By passing one of the nation’s most restrictive voting bills, Republican lawmakers in Georgia have forgotten a lesson from the past and are setting themselves up for defeat in the future.
The sweeping bill, signed into law Thursday by Republican Gov. Brian Kemp, imposes new voter identification requirements for absentee ballots, limits the use of ballot drop boxes and makes it a crime to approach voters in line to hand them food and water.
Kemp said the law allows Georgia to “take another step toward ensuring our elections are secure, accessible, and fair.” Voting rights advocates, though, said it’s a thinly disguised and racist attempt to suppress the Black vote.
“No one but Pee Wee Herman believed them when they talked about the ‘integrity of the vote,’” says the Rev. Tim McDonald, an Atlanta-based pastor who founded the African American Ministers Leadership Council. His group created “Souls to the Polls,” a get-out-the-vote movement among Black churches nationwide. Earlier versions of the Georgia elections bill would have virtually eliminated early Sunday voting, which is popular with Black voters.
“Black folks are not stupid. We know their tricks. We know their motivation,” McDonald says. “They are the [Ku Klux] Klan in three-piece suits.”
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What’s happened in Georgia is part of a national trend. So far this year Republican lawmakers in more than 40 states have introduced more than 250 bills to restrict voting.
But it may prove to be a clumsy political miscalculation. There’s growing evidence to suggest that voter restriction laws sometimes backfire against their proponents.
By attacking voting rights Georgia Republicans have abandoned a GOP political strategy that helped them win close elections. And they have angered a powerful bloc of Black voters in Georgia who have already mobilized against them.
Republicans made inroads with Black voters under George W. Bush
Consider one of Georgia Republicans’ first big mistakes: targeting “Souls to the Polls” in earlier versions of their voting bill.
Restrictive voting laws are more effective if they’re dressed in race-neutral language such as “election integrity” or “ballot security.” But the Georgia GOP floated proposals earlier this year to virtually eliminate early Sunday voting, which was seen as a direct attack on the Black electorate. Many Black churches ferry voters to the polls on Sundays during the early voting period.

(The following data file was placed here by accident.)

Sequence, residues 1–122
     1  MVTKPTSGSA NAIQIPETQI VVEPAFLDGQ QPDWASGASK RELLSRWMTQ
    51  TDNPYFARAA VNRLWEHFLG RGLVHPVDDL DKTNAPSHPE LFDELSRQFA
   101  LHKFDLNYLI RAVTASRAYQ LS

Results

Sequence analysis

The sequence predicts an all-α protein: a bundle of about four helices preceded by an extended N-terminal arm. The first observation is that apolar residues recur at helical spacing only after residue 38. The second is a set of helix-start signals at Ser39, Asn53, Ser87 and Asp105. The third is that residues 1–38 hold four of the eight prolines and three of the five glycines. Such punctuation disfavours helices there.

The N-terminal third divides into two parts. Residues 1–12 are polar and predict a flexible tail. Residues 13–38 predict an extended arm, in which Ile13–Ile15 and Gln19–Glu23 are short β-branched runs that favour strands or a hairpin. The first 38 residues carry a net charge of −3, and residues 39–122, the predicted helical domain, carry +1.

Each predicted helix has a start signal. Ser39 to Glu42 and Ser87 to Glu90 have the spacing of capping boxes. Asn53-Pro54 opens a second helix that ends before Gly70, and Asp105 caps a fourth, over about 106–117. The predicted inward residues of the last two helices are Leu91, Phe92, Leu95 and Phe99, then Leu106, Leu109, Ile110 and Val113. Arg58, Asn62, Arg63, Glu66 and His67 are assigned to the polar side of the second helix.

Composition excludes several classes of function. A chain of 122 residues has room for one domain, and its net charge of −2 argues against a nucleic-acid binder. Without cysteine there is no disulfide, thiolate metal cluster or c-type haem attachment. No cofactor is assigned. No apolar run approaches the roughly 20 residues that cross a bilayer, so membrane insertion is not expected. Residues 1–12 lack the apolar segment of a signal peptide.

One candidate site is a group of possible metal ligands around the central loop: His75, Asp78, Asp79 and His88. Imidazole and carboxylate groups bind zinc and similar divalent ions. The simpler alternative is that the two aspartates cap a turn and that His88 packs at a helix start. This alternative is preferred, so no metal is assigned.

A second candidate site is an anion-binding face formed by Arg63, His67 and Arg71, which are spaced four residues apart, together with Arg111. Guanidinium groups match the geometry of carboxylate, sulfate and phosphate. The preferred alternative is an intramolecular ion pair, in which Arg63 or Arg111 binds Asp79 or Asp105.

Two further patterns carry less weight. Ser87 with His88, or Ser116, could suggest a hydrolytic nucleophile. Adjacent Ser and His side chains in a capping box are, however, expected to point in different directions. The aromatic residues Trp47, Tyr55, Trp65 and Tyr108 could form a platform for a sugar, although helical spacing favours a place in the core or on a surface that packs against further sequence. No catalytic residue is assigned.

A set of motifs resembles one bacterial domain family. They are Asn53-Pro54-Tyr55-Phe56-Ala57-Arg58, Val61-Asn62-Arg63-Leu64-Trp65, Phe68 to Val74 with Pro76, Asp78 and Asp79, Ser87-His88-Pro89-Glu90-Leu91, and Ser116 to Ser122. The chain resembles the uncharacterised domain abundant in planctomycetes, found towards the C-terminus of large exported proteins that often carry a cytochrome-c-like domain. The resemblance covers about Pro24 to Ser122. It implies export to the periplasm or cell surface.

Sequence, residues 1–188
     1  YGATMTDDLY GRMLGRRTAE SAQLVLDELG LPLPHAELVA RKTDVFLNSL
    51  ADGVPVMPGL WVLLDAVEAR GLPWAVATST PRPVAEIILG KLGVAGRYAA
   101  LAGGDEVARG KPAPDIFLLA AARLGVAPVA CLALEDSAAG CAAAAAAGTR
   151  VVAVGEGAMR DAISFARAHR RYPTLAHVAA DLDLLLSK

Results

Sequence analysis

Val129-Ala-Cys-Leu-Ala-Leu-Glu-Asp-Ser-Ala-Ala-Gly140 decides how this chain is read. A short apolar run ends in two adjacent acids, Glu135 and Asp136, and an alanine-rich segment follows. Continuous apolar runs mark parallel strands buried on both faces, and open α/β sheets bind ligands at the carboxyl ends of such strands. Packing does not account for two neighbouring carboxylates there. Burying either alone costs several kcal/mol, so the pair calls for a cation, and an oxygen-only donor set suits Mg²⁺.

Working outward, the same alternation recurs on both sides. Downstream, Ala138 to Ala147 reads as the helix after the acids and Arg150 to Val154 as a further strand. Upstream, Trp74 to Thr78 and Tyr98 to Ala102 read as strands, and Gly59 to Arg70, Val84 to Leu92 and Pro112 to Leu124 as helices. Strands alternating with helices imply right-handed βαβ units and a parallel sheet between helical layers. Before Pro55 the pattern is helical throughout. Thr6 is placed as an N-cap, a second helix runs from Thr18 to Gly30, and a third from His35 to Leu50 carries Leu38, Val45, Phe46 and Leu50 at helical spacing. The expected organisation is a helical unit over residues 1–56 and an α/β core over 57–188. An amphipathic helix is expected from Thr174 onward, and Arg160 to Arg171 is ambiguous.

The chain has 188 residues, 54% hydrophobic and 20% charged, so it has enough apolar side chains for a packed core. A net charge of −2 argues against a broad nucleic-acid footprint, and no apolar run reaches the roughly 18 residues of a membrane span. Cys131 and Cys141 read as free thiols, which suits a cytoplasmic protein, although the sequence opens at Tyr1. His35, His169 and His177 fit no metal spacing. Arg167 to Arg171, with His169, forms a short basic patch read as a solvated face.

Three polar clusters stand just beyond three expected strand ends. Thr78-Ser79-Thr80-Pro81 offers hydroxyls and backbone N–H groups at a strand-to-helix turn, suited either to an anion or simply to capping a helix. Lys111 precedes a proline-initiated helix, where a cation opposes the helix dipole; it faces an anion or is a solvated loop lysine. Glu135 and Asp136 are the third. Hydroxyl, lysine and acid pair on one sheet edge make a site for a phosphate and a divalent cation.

The “Souls to the Polls” tradition was launched in 1998 by McDonald, the Atlanta pastor, and a group of fellow church leaders. Members of the group had traveled to South Africa to witness the nation’s first free elections and were inspired by the variety of early voting options offered there. They came up with the slogan over dinner at a Washington hotel.
McDonald says that by targeting “Souls to the Polls,” Georgia Republicans didn’t even try to disguise their hostility toward Black voters.
“They know it’s being perceived as racist, but they are so racist that they don’t care,” says McDonald, senior pastor of the First Iconium Baptist Church in Atlanta.
Georgia Rep. Barry Fleming, who co-sponsored the voting bill and is chairman of the state legislature’s Special Committee on Election Integrity, did not respond to an interview request from CNN. A spokesman for the Georgia Republican Party did not respond to a similar request for comment.
Brad Raffensperger, Georgia’s secretary of state, released a statement Friday saying the new Georgia law expands access to voting and offers new security measures.
“The cries of ‘voter suppression’ from those on the left ring hollow,” said Raffensperger, a Republican. “I’m a straight shooter. I call it like I see it. I did that to the chagrin of many in my own party when I spoke out against the false claim that Georgia has systematic voter fraud. And I’m doing it now.
“Their cataclysmic predictions about the effects of this law are simply baseless,” he added. “The next election will prove that, but I won’t hold my breath waiting for the left and the media to admit they were wrong.”
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But Raffensperger’s words may do little to undo the Republicans’ alienation of Black churchgoers, a group that the GOP used to court with notable success.
Not long ago, the GOP saw Black church members as natural allies and aggressively encouraged them to vote. Black voters tend to skew liberal on politics but conservative on many social issues. Only 29% of Black voters consider themselves liberal, according to a 2020 Pew Research Center survey.
President George W. Bush saw Black pastors as potential allies and launched an aggressive outreach to Black churchgoers with his brand of “compassionate conservatism” during his two terms in office. Bush and the Republican Party appealed to Black voters by highlighting issues such as abortion, same-sex marriage and school vouchers. They also launched a faith-based initiative that provided grants for social services to Black churches.
As Bush’s political strategist Matthew Dowd once said: “The minister is the No. 1 influencer in the African American community.”
In return, Black churchgoers helped Bush win reelection in 2004. In Florida, for example, Bush received 13% of the Black vote – almost twice the 7% he received in 2000. And in Ohio that year, Bush more than doubled his share of Black voters from four years earlier.
Republicans under Bush made such dramatic inroads with Black voters that GOP leaders talked boldly of a “realignment” that would begin with support from Black churches. Bush won 13% of the Black vote in 2004, but some Republicans talked about winning a quarter of the Black vote.
But recent moves by the GOP are alienating the Black faith community